Rock Hill unveils free, clean My Ride bus with service to begin in June

Rock Hill’s newest — and free — transportation option is off and rolling. Next stop? Summer service connecting the city.

The city received its first My Ride bus, debuting it Tuesday morning at Fountain Park in downtown to a crowd of more than 100 people. My Ride buses start their routes July 1, with a downtown loop starting earlier on June 10.

“Today’s a day we get to celebrate, which we don’t just get to do enough in life,” Mayor John Gettys said at the unveiling Tuesday morning.

Buses will run 7 a.m.-7 p.m. Monday through Saturday, with the Downtown/Knowledge Park Loop extending service to 9 p.m. on Fridays and Saturdays. Buses will run 9 a.m.-5 p.m. Sundays. All 35-foot Proterra Catalyst buses are electric and feature free wi-fi, charging ports, “infotainment” screens and bike racks. All are ADA compliant with wheelchair ramps, automatic voice annunciation systems, destination and route signs and priority seating with wheelchair securing systems.

All bus rides are free, too.

“This is no ordinary bus,” Gettys said.

The Downtown/Knowledge Park Loop will run every 30 minutes connecting Winthrop University and downtown Rock Hill via Oakland Avenue, Main, Black, Wilson and West White streets. The loop will be the Blue Route.

The Green Route, or Saluda/Heckle Loop, will run hourly. It serves Piedmont Medical Center and Saluda and West Main streets, Herlong Avenue, and Heckle and Constitution boulevards.

The Yellow Route is the Cherry/Riverwalk Line. The hourly route connects downtown, Winthrop and Riverwalk via Cherry Road.

The Red Route, or Dave Lyle/Galleria Line, uses Dave Lyle Boulevard to connect downtown with the Galleria Mall. It also runs hourly.

While the routes aren’t running until the summer, people in Rock Hill are likely to start seeing the buses much sooner.

“You’ll see our buses out riding around and doing training seminars for the next two months,” said Erick Hawkins, city transit administrator.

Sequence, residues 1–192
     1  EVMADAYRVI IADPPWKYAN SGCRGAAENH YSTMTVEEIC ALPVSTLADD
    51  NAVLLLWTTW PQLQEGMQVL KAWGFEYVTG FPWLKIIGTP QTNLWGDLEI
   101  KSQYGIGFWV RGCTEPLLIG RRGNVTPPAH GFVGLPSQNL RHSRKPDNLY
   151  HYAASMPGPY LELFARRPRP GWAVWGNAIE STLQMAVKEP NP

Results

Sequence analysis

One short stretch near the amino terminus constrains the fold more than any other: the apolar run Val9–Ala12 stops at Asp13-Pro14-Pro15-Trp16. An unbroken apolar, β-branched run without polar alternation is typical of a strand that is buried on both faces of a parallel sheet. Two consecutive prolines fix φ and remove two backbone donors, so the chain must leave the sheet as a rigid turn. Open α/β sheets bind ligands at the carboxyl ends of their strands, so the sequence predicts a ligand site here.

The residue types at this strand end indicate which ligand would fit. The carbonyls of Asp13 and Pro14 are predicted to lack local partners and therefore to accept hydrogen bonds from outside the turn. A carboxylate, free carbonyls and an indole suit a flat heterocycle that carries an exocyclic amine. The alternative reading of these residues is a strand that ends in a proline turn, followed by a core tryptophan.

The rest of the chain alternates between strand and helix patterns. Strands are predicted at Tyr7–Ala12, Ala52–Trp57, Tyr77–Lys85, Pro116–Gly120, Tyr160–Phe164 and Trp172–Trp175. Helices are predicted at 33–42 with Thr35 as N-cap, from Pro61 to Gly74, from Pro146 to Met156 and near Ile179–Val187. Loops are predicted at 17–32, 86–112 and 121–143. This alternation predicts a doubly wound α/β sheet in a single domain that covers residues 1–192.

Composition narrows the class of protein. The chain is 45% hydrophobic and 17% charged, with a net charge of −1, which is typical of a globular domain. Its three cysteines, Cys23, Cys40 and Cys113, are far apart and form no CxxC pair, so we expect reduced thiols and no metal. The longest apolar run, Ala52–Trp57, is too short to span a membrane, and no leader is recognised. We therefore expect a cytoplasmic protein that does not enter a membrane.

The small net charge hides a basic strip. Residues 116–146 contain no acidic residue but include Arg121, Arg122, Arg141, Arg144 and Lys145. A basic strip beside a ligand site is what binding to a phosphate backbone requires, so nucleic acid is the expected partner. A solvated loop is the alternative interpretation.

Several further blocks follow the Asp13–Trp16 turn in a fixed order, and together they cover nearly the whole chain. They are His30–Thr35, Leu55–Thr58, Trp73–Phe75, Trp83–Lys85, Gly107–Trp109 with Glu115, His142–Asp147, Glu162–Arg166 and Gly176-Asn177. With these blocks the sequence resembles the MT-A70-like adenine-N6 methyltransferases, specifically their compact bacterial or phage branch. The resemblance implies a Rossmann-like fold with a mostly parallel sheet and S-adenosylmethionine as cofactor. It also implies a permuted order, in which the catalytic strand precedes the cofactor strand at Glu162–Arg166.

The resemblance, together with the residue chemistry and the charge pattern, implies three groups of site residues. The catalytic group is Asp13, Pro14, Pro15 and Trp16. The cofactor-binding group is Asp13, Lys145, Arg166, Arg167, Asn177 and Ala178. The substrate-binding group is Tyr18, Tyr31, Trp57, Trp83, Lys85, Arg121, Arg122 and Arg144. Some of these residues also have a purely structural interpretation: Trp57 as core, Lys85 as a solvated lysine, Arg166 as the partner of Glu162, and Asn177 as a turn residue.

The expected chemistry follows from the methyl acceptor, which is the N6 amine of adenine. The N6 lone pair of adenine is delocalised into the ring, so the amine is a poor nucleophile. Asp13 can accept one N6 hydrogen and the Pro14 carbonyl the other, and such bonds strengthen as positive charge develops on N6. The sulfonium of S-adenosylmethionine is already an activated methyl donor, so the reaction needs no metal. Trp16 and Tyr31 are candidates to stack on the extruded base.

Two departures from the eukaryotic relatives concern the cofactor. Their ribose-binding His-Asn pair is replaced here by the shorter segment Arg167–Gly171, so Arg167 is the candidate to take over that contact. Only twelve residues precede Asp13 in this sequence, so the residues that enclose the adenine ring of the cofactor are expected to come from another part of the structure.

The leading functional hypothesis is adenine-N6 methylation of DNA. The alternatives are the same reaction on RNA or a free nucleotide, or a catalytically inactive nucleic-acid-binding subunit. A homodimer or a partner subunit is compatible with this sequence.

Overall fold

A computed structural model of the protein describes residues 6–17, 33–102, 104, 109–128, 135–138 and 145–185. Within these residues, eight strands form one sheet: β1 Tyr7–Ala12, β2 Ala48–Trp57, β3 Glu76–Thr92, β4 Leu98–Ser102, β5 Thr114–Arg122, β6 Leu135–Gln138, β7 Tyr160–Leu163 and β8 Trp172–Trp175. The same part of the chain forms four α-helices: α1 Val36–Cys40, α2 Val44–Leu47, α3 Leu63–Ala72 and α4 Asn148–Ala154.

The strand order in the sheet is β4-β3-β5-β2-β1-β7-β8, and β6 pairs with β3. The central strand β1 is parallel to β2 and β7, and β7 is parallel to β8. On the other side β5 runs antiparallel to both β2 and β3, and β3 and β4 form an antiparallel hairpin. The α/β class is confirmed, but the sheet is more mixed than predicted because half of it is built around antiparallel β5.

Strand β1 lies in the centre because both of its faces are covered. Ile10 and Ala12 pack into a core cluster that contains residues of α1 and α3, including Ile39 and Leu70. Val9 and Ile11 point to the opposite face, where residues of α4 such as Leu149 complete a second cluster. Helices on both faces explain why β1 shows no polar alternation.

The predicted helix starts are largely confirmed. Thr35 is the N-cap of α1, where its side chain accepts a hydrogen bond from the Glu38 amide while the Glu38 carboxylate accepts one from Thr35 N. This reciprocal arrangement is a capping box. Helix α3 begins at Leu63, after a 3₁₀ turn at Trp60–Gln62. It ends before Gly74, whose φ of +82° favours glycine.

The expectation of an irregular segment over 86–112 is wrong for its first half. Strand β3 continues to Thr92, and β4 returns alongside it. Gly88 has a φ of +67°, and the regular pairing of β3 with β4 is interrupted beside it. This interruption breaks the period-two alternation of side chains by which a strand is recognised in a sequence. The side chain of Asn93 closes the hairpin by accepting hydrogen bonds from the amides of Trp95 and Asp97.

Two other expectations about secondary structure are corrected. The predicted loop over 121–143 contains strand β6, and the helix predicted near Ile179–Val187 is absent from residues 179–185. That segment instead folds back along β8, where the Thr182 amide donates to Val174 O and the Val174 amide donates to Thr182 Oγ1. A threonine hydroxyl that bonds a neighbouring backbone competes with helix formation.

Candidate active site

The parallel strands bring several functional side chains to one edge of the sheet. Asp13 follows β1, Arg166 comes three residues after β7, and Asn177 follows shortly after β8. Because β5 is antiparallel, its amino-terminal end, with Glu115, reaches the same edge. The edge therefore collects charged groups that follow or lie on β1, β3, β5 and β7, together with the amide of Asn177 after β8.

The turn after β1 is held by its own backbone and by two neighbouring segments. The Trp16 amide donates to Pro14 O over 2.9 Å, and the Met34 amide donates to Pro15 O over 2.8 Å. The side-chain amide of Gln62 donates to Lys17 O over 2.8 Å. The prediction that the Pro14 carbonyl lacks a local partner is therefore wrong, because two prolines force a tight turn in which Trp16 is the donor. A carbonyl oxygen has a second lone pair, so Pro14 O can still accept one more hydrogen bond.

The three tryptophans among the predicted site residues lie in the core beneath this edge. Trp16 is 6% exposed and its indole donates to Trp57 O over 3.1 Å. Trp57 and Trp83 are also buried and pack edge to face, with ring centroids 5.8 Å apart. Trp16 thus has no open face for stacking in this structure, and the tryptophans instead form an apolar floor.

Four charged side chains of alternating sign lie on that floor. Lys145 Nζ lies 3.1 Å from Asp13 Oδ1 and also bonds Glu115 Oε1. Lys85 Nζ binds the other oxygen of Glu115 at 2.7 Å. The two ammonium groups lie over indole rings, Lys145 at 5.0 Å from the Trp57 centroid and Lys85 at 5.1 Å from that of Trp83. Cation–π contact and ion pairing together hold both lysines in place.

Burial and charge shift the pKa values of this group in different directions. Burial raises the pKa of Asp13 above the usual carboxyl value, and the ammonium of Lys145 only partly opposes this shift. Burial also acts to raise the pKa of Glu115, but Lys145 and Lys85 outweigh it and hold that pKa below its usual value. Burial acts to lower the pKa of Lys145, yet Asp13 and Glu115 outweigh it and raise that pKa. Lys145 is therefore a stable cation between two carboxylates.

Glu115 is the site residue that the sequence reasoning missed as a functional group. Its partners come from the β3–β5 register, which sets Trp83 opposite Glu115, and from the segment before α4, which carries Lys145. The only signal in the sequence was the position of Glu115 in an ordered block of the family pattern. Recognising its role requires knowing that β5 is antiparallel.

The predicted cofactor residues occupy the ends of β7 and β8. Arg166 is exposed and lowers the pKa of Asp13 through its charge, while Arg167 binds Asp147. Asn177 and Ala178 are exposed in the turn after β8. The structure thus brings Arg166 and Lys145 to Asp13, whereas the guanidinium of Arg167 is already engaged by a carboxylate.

They’ll also show up at community events to get people accustomed to the service before it begins. Hawkins said he still is hiring drivers, too. Applicants can find more information on the city website.

The idea of a bus service began with city leaders in 2016. Several said Tuesday that former Mayor Doug Echols was tenacious in making the bus service happen. Echols on Tuesday said the unveiling is an important step for the city. Major corporate sponsorships are a main reason why the city can offer fare-free rides.

“That means everybody can ride,” Echols said. “This is going to be extremely successful for our community.”

The power source is important too, he said.

“I think we’re the first city to start out with an all-electric fleet,” Echols said, echoing similar statements from city and bus service leaders Tuesday. “We’ll claim to be the first until someone corrects us.”

The seven electric buses will run quiet and clean. They don’t even have tailpipes.

“We think our system will be one of the cleanest-operating transit systems in the country as a result,” Gettys said.

Ashley Thomas used to live near where several routes will run.

“That’s great for the low-income community,” she said Tuesday about the free service

Mike Crusar came to the unveiling with several people from his company, Insignia. It’s located right along one of the bus routes. Coming from Charlotte, Crusar said he’s used to public transportation including buses. The all-electric, emission-free model debuted in Rock Hill, though, is something different.

“It’s kind of awesome,” Crusar said.

Buses were identified as a need years ago, but they also will serve a Rock Hill community still to come.

“This is an economic development tool that will bring change, wealth and prosperity to many more people in Rock Hill than have ever had that chance before in life,” Gettys said.

Dr. Dan Mahony, Winthrop University president, will have two routes coming onto his campus.

“When I arrived in 2015 and we talked with students about transportation needs, the thing that came up over and over again was the need for a bus system in this community,” he said. “And it was clear after a while that not only was it important to our students, but to our faculty, staff and really the entire Rock Hill community.”

Winthrop, Piedmont Medical Center and Family Trust Federal Credit Union partnered with the city to sponsor the buses.

“We’re part of this project to join with other community leaders and to provide a bigger community of caring for everybody, and the bus service is a part of that,” said Piedmont CEO Mark Nosacka.

Family Trust President and CEO Penny Pratt said part of her group’s mission is people helping people.

“I can’t think of a better way to fulfill it,” she said.

A transit hub is located on Laurel Street, between West White and Peachtree streets near the Family Trush headquarters. The hub will be relocated to a permanent location on the ground floor of a parking deck at University Center, on West White Street.

“This is an extremely vital service for our community, and there’s much to be celebrated here today,” Pratt said.

Gettys said there still is much to do ahead of service running in full on July 1.

“That will be another great day that we’ll gather to celebrate here in Rock Hill,” he said.

By John Marks, Staff Reporter with The Herald